The Osmothèque is the world’s largest scent archive, a leading international research institution tracing the history of perfumery, based in Versailles with conference centers in New York City and Paris. The Osmothèque is internationally responsible for the authentication, registration, preservation, documentation and reproduction of thousands of perfumes gathered from the past two millennia, archived at the Osmothèque repository and consultable by the public. The institution stores over 3,000 perfumes from the past and present, all preserved at a constant temperature under argon gas. This place also maintains a substantial reference library of fragrance bases and aromatic sources, both natural and synthetic, historical and contemporary, as well as a vault inaccessible to the public containing historical perfume formulae, many unusable due to a lack of corresponding raw materials.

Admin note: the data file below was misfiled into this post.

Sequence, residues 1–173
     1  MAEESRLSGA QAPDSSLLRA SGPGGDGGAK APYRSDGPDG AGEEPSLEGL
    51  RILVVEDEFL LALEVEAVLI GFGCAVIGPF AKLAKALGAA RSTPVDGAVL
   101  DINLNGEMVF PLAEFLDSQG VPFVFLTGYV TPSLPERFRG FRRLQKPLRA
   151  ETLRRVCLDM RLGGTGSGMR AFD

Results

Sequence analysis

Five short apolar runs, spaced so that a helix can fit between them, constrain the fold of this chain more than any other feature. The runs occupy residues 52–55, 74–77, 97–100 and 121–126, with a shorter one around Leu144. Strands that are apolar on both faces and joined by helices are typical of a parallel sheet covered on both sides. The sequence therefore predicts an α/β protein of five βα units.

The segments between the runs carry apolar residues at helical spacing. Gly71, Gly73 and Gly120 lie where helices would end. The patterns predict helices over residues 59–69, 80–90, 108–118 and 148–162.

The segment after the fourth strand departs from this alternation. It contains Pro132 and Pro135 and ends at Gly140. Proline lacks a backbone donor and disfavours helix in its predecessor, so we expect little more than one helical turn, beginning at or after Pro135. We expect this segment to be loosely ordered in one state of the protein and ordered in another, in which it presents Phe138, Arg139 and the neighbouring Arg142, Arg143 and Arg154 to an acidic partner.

Rarities from the Osmothèque’s collections include examples of ancient perfumery, such as the Parfum Royal of the Parthian kings as described by Pliny the Elder in the 1st century, medieval toilet waters such as the 14th century Eau de la reine de Hongrie of Elizabeth of Poland and 18th century powders such as the Poudre de Chypre.
Equally unique is a major collection of 19th century perfumes from leading houses such as Farina, Guerlain, Houbigant, Lubin, F. Millot, L. T. Piver and Roger & Gallet. Also from the period is the eau de cologne made for Napoleon in 1815 during his exile on Saint Helena.
The largest portion of the Osmothèque’s archives is devoted to modern perfumery (beginning in the late 19th century), presenting innumerable original masterpieces now discontinued or reformulated.